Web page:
Arsenic in the Environment: Health Effects and Risk Assessment

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Arsenic in the Environment: Health Effects and Risk Assessment. Charles O. Abernathy, Ph.D. Toxicologist, Office of Water US EPA Washington, DC. Characteristics Sources Uses. Arsenic Characteristics. Most natural waters contain inorganic species
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Arsenic in the Environment: Health Effects and Risk Assessment Charles O. Abernathy, Ph.D. Toxicologist, Office of Water US EPA Washington, DC Characteristics Sources Uses Arsenic Characteristics
  • Most natural waters contain inorganic species
  • As (III) or arsenite predominant in ground waters H3AsO3
  • As (V) or arsenate in surface waters H2AsO4 & HAsO4-2
  • Crystalline Rock Soil Ground Water Surface Water Avg. 2 ppm 1-40 ppm 0.01 – 800 ppb As high as 40,000 in hot springs 2.38 – 65 ppb As high as 22,000 in river water Natural Arsenic Levels Some Arsenic Uses/Anthropogenic Sources
  • Smelting of metals
  • Pharmaceutical industry (medicines)
  • Pesticide manufacture (very limited)
  • Wood preservative – CCA [in phase out]
  • Cattle and sheep dips
  • Feed additives
  • Dye stuffs
  • Petroleum, coal, and wood burning
  • Semiconductor manufacture
  • Waste incineration
  • Toxicokinetics Toxicokinetics
  • Absorption
  • Soluble forms
  • Humans – 40 % to complete absorption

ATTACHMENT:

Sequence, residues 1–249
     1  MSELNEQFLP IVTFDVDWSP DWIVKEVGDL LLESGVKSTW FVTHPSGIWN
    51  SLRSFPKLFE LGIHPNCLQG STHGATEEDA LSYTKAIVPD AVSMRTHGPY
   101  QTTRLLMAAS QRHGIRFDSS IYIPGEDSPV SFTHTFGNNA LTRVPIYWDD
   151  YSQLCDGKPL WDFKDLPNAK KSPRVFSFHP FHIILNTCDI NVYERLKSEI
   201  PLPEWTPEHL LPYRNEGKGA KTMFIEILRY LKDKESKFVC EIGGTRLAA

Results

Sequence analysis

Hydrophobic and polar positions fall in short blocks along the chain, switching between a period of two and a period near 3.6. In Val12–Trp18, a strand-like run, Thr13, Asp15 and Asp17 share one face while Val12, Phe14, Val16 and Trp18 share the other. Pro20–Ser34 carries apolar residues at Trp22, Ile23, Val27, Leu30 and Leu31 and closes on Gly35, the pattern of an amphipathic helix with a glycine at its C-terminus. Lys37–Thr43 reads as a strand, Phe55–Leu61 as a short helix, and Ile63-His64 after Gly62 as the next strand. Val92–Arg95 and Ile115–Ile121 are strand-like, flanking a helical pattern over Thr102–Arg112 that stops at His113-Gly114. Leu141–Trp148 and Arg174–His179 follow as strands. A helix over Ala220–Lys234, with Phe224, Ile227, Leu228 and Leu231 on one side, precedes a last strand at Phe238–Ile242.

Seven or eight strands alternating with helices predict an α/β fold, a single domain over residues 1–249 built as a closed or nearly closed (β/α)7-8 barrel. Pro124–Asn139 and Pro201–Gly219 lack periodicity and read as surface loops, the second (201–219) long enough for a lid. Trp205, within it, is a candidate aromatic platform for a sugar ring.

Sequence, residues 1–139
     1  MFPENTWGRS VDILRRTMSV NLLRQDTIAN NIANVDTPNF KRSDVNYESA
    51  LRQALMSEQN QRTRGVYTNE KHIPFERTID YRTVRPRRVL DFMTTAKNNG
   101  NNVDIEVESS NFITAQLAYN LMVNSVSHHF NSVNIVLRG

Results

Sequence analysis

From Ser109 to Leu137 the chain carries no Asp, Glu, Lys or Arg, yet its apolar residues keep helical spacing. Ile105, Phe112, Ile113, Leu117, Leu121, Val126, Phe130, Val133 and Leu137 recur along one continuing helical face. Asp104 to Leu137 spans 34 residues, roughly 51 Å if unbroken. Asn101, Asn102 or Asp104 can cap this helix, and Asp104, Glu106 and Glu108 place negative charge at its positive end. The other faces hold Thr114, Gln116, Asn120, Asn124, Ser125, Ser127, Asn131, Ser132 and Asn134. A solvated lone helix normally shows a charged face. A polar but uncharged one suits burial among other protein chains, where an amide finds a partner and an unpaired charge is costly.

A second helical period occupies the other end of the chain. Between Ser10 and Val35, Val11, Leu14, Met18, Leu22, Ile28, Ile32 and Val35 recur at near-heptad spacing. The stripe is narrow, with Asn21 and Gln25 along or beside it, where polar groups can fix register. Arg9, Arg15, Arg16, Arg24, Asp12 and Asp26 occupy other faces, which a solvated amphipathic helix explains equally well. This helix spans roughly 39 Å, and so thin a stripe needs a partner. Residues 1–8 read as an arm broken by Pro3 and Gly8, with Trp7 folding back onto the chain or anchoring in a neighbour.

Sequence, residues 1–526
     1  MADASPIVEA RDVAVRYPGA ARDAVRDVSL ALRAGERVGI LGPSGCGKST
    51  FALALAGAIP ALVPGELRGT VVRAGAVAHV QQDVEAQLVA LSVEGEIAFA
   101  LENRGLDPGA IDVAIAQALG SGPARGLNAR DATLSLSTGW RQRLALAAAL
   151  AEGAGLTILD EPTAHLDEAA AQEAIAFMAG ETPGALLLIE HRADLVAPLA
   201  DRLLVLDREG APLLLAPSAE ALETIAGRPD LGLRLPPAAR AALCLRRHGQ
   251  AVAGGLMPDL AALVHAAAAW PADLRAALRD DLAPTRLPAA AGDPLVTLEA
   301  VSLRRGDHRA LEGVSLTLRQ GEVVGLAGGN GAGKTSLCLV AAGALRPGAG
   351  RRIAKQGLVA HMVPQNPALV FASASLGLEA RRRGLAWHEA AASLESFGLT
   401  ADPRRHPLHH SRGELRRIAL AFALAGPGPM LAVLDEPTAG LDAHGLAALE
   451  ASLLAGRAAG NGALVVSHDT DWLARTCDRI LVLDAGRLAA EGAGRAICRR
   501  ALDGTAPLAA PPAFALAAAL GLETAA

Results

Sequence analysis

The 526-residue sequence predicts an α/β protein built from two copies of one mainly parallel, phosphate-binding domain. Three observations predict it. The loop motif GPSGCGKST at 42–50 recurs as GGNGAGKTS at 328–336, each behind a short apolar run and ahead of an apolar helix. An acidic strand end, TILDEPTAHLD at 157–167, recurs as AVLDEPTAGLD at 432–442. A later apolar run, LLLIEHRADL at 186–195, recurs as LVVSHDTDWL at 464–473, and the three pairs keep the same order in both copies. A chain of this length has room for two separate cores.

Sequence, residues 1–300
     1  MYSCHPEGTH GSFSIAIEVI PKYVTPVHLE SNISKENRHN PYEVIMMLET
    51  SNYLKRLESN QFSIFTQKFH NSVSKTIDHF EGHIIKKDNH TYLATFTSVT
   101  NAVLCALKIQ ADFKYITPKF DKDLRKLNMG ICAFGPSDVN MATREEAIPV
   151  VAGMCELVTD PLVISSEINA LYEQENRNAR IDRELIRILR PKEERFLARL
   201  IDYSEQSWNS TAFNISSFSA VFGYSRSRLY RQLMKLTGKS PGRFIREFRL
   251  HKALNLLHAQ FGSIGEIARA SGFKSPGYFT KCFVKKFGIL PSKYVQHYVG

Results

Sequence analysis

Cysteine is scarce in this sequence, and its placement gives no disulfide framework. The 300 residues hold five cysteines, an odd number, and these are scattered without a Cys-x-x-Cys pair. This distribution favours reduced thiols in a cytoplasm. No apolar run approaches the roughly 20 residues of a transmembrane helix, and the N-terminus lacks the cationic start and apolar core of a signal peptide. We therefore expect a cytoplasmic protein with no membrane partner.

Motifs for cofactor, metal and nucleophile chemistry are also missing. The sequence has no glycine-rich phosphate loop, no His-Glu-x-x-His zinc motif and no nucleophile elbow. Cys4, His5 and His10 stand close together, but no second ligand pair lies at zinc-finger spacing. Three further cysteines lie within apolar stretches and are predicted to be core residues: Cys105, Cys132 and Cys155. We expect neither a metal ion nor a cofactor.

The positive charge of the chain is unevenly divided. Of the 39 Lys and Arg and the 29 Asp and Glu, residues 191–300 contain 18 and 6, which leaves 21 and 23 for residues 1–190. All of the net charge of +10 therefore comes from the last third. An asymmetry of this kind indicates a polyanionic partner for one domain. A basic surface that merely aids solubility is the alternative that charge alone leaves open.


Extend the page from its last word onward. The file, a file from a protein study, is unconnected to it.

• Animals – 50% to complete absorption
  • Insoluble forms
  • Limited absorption
  • Toxicokinetics cont.
  • Distribution
  • Found in all humans – Blood conc. (1-5 ppb)
  • Smokers (2 – 10 ppb)
  • Occupational exposure (10 ppb)
  • Taiwan (20 – 60 ppb)
  • Poisonings (1,000 – 2,000 ppb)
  • Distribution
  • Highest levels (ppb)
  • Nails (0.89)
  • Hair (0.18)
  • Bone (0.07 – 0.12)
  • Heart, kidney, liver, lung (0.03 – 0.05)
  • SAM SAH SAM SAH SAM SAH Metabolism of Inorganic Arsenic iAs5 Reduction Methylation iAs3 MAs5 MAs3 DMAs5 DMAs3 TMAs5 TMAs3 Excretion
  • Primarily via urine
  • 60% - 95% in 5 days
  • Fecal excretion low
  • Adverse Health Effects Non-Cancer Animal Rats Mice Guinea pigs Humans LD50 (mg/kg) 15 - 293 26 - 43 9 1 - 4 (approx) Acute Toxicity Acute Effects – Humans(est. LD50  1-4 mg/kg)
  • Peripheral neuropathy
  • Anemia
  • Renal and liver dysfunction
  • Skin pigmentation
  • EKG abnormalities
  • Severe GI effects
  • Chronic Toxicity: HumansVascular
  • Taiwan
  • Blackfoot disease
  • Poland
  • Vintners
  • 6 cases of gangrene
  • Chile
  • Raynaud’s disease
  • Chronic Toxicity: Humans
  • Nervous system
  • Peripheral neuropathy – legs and arms
  • Cranial nerves
  • Loss of hearing in Japanese infants
  • Adverse Health Effects Cancer Countries Reporting Tumors After Arsenic Exposure
  • Taiwan
  • Mexico
  • Argentina
  • Chile
  • China
  • Mongolia
  • Japan
  • Cancers Associated with Exposure to Arsenic in Drinking Water
  • Skin
  • Bladder
  • Lung
  • Kidney
  • Liver
  • Prostate
  • MCL LED01 ED01 50 300 - - Margin of Exposure - - (MOE) Lifetime Risk of Cancer (per 1000) ED01 = Effective dose (central estimate) at which 1% of population is affected by the contaminant LED01 = Lower limit of range with 95% certainty of being the effective dose for 1% MOE = Ratio of LED01 divided by MCL option (300/50) = 6 Point of Departure (PoD)
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